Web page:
New Park House will be a new-build mental health hospital in north Manchester, opening in 2024 for 150 people. Every person will have a single room en-suite with a locking door, and there will be treatment areas for therapies such as ECT – high voltage electric shocks to the brain – which is outlawed in some countries such as Slovenia. As many mental health activists and campaigners have pointed out, building a new centralised mental health hospital flies in the face of all modern best practice in dispersed, community-based mental health services. The only aspect of this hospital design that is missing from the 1920s is a library room for books on eugenics. To be replaced with daytime TV screens dressed up as therapy.
New Park House (M25 3BL) gained planning permission in January 2021 and with £72m of government money from the national programme for election-promised new hospitals towards its £105m total cost, it is politically very likely to be built despite its antiquated nature in terms of international modern mental health practices.
So what happens next?
There are already talks of the new building being better suited for use as general medical wards, or maybe as routine surgical wards for elective items like hip replacements. More of these wards are desperately needed after the austerity reductions in the NHS in the 2010s.
But maybe the single room design could also be used to flex its future use into a regional biosafety hospital. Covid-19 has taught the UK what other countries with experience of SARS-1 already knew, that epidemics and pandemics are increasingly likely and need to be robustly prepared for.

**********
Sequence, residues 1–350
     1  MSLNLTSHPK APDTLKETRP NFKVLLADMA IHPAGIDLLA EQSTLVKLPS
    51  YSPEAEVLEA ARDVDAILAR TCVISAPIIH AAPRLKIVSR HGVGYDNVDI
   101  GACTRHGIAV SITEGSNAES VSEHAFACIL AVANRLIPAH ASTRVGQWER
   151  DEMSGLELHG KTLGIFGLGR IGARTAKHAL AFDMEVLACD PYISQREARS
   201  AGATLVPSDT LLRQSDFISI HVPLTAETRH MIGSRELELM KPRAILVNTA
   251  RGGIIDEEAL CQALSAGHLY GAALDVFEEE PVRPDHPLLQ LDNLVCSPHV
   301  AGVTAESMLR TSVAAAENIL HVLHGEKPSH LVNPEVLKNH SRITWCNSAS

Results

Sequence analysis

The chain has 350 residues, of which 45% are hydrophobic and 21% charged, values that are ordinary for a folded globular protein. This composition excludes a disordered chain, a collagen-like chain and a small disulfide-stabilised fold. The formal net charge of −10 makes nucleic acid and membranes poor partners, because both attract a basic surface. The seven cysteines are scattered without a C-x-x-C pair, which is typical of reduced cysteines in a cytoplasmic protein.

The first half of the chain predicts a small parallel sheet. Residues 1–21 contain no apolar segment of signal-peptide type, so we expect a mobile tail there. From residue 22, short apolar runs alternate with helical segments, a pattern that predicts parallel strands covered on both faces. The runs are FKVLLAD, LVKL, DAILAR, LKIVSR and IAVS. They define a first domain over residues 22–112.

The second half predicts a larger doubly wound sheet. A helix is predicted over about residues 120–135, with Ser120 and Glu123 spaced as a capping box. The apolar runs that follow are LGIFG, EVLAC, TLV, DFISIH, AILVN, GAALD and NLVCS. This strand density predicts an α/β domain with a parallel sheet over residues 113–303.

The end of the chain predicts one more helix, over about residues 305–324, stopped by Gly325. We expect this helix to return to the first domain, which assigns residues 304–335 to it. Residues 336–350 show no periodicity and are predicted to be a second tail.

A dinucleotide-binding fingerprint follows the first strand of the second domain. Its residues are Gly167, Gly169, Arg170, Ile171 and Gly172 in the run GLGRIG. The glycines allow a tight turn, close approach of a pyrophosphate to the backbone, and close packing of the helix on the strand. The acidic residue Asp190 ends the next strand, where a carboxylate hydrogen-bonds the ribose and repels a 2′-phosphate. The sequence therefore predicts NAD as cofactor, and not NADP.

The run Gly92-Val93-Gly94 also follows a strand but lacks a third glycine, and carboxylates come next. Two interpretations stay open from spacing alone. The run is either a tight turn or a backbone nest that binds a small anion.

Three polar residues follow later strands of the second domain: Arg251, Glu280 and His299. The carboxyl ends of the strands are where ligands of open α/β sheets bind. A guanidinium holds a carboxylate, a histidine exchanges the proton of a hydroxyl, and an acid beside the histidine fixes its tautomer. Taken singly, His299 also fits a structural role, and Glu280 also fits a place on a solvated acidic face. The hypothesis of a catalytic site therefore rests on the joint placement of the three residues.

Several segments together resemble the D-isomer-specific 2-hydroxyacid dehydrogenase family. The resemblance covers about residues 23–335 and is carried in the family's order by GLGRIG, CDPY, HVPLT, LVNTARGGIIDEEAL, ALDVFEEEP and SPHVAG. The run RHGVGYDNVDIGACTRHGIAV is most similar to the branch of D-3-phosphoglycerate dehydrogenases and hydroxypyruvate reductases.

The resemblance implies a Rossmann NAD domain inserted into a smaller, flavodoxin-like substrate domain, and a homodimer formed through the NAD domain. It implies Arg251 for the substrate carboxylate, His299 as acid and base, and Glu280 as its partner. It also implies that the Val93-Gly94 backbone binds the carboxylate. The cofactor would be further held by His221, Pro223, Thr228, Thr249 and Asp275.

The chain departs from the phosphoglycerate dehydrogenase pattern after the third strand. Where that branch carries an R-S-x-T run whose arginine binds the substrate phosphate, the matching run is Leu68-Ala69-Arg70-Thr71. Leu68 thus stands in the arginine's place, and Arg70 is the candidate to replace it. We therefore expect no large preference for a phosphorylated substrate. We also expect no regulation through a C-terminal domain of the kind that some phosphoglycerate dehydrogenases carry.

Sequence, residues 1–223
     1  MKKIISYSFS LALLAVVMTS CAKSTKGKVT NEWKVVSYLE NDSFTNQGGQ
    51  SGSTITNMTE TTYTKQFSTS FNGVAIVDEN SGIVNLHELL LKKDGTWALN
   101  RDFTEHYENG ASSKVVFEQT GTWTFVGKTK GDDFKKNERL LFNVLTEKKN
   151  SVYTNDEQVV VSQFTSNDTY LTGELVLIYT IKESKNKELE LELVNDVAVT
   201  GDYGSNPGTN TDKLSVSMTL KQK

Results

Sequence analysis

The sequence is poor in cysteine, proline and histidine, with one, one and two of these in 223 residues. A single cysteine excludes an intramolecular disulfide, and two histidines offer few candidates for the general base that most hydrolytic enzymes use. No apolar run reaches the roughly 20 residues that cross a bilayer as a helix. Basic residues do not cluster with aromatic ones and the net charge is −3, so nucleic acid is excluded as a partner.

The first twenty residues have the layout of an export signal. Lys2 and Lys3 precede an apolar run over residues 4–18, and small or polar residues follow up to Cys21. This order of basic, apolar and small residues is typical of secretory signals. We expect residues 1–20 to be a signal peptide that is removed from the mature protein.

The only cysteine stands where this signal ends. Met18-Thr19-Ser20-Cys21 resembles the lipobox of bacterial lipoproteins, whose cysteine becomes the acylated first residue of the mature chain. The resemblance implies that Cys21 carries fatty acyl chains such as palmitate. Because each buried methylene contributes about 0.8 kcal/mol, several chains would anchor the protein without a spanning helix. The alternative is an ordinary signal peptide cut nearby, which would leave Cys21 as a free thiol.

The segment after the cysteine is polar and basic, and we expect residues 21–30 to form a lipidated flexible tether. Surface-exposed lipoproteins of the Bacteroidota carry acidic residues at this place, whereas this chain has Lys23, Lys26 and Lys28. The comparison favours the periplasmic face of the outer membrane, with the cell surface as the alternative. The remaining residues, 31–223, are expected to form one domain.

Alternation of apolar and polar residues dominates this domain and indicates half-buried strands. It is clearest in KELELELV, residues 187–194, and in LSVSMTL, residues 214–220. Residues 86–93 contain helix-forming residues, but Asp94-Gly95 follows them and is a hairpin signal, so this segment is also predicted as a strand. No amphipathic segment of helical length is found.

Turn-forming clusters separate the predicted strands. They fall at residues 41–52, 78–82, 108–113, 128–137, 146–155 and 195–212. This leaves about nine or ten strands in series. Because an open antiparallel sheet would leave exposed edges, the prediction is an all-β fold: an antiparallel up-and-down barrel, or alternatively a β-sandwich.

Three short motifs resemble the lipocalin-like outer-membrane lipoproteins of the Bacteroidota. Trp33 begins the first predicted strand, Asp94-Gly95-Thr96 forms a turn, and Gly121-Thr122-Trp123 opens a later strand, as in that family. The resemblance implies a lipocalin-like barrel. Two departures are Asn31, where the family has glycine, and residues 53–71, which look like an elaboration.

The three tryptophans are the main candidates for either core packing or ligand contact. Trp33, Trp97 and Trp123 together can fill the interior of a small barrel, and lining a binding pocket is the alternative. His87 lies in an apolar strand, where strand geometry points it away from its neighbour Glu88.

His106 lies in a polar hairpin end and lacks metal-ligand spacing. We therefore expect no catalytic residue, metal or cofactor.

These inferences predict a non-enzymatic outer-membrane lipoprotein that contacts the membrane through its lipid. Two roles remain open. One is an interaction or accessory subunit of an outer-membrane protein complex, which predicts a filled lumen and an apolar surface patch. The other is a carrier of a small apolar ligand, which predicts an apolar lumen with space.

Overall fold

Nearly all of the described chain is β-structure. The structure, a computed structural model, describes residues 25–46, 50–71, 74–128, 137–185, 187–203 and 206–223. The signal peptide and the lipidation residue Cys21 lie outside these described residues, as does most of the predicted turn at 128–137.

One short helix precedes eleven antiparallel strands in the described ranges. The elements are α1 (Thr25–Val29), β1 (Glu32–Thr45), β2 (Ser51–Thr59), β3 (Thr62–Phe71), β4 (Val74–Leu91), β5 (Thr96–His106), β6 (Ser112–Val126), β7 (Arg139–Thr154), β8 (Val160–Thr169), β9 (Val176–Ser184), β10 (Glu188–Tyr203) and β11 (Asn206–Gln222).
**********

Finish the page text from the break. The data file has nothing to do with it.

Biosafety levels internationally, known as the Containment Level in the UK, have the following examples:
CL-2 – campylobacter, Dengue
CL-3 – rabies, bird flu
CL-4 – Ebola, Lassa.
So a regional hospital with biosafety or containment level 4 facilities would be a great regional asset in the early-days management of an outbreak of any novel unknown pathogen.
It would be perfectly possible today to “future proof” the construction design of New Park House, for example with including a ventilation system that is cellular and not mixed, with ducting for oxygen to each room, and with safe waste water treatment before its discharge into public sewers and waterways.
But, sadly, the silo thinking of being a Mental Health Trust Board will not allow even the thought of “future proofing” for a wider benefit – one NHS, one public health.
So we will probably have to pay another construction company more millions of pounds in a few years time to rip out much of the pipework that is only suited to a 1920s design to make the hospital fit for purpose for the world we live in today.